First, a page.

Before performing the API call we remove all headers to make sure we only send the ones that are necessary. We then proceed to set the HTTP_METHOD header (in this case, we will be performing a GET request).
Now in the next line, we come across something we haven’t seen before: the .toD clause. We did see the .to clause, but what does the D stand for? It means that the String sent as a parameter is dynamic, meaning that it will be defined during runtime. What does this imply? First, let’s check out the method that generates the service url:
The url we want this method to produce is, for example:
However, it’s not a hardcoded url, because it depends on the value of the “query” parameter (which represents the city), which we will not have until the user has provided it. So, if we were to use the method .to() instead of .toD(), the produced url would look like this:
Because the url would be defined while compiling the application and generating the routes. The .toD method fixes this issue.
After making the API call, we unmarshal the result from JSON to a POJO we’ve created named WeatherResponse, which contains the fields that we need for our application.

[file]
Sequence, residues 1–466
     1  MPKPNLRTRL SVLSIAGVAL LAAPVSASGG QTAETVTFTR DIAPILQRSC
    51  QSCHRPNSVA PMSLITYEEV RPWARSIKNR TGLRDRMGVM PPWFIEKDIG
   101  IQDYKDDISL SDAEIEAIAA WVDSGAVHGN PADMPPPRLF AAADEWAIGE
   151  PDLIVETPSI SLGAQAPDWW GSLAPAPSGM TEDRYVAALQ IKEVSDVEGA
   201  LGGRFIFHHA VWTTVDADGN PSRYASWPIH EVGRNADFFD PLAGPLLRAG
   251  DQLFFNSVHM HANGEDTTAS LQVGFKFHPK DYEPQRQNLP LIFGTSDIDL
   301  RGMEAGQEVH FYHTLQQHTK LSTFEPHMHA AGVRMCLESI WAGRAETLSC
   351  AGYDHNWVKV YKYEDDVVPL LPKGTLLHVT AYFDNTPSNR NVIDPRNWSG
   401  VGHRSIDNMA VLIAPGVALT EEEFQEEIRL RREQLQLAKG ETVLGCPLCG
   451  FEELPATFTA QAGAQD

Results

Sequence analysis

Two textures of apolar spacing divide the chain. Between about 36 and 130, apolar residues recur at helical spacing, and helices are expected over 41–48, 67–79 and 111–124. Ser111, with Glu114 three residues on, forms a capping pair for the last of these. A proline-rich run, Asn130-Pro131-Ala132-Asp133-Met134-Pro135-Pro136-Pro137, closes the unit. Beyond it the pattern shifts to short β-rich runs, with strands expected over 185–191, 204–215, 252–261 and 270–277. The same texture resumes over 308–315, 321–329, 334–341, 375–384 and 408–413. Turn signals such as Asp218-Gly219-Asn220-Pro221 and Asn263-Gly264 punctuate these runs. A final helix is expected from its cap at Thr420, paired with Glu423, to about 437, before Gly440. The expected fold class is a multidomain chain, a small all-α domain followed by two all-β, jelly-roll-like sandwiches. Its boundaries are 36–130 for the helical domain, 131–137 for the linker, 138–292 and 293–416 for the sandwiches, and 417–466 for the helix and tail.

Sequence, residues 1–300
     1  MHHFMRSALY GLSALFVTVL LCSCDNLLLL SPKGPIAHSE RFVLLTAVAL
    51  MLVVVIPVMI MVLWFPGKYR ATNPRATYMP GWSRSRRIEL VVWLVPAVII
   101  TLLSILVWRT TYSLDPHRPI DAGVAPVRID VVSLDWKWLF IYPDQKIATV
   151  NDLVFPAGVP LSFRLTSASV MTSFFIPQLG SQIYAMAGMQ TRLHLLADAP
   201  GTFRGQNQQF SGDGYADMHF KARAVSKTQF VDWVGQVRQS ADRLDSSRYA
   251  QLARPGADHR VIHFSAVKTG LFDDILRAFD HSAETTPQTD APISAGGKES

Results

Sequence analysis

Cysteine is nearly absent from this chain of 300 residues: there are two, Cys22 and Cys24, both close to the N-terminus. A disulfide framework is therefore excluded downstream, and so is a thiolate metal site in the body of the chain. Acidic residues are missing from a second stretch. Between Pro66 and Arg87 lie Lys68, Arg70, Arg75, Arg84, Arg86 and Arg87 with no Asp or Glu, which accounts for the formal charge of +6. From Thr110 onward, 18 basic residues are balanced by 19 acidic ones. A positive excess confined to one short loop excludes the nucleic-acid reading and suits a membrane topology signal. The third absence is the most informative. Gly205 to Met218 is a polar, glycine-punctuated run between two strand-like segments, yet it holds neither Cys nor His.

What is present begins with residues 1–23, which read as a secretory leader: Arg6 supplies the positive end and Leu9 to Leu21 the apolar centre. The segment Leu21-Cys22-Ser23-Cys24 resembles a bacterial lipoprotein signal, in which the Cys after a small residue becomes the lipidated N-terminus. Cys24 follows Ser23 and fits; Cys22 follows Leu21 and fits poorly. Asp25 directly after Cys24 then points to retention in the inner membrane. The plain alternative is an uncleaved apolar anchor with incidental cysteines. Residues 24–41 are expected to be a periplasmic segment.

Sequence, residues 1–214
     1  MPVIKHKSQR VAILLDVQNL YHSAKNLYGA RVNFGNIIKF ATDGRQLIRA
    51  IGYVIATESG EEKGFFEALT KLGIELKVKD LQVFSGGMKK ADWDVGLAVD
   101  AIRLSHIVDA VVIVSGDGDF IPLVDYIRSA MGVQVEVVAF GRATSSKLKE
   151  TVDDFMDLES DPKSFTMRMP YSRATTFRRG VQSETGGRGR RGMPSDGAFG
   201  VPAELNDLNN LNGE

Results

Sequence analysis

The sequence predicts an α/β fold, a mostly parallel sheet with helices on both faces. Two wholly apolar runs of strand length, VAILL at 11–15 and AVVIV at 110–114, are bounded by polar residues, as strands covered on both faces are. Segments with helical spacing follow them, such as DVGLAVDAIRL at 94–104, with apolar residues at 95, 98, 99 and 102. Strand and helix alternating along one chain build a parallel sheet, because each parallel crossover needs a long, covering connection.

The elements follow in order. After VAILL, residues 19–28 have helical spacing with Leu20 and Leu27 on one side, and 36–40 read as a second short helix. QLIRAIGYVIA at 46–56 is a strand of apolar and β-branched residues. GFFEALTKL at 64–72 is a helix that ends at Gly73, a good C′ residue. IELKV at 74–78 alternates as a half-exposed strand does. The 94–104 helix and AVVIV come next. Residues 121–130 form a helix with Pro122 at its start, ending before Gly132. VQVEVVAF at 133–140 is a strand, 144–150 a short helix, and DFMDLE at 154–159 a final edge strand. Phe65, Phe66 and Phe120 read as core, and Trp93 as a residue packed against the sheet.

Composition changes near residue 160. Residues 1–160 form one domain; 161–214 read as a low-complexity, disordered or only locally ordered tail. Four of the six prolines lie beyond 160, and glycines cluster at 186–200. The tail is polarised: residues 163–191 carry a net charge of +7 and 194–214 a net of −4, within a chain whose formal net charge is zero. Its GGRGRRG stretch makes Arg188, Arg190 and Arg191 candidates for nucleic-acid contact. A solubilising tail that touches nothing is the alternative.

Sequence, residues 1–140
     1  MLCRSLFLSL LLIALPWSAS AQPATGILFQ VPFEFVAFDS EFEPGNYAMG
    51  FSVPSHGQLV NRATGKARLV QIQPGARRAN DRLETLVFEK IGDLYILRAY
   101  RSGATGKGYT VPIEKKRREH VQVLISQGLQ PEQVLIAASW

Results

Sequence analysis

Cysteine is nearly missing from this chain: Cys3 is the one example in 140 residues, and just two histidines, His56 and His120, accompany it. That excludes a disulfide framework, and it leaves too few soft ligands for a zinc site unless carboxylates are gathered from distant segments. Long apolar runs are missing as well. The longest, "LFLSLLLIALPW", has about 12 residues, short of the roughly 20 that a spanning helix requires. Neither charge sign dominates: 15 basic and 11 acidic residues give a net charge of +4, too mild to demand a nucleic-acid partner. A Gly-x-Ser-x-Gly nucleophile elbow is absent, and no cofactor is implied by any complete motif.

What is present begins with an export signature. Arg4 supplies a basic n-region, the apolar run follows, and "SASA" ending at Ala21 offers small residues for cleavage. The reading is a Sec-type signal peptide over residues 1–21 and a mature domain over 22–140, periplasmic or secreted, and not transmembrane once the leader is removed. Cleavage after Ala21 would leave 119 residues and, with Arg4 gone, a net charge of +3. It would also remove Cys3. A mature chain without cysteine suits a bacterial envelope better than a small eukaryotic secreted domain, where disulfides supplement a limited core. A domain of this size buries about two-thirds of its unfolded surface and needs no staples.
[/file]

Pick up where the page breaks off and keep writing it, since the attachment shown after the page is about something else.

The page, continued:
Last but not least, we call a processor that will decide what to recommend based on the weather: WeatherAdviserProcessor. Let’s take a look at how it works:
This processor is not any more complex than the one we programmed earlier, only a bit lengthier. The logic included in this processor is merely anecdotic.
And as for the final result:
In this article, we went over some key points regarding message-oriented development with the Apache Camel framework.
Like we mentioned before, it allows developers to integrate multiple technologies and exchange information with different kinds of endpoints like files, queues, and external services while being easy to learn. It’s also an open source framework which makes it perfect to try out and see how it works for a specific project, with no cost whatsoever.
All that being said, if your project requires lots of data sources and destinations, like the one our team worked on for the Banking industry, Camel framework is definitely worth a try.
If you want to learn more about Apache Camel you can take a look at its official documentation.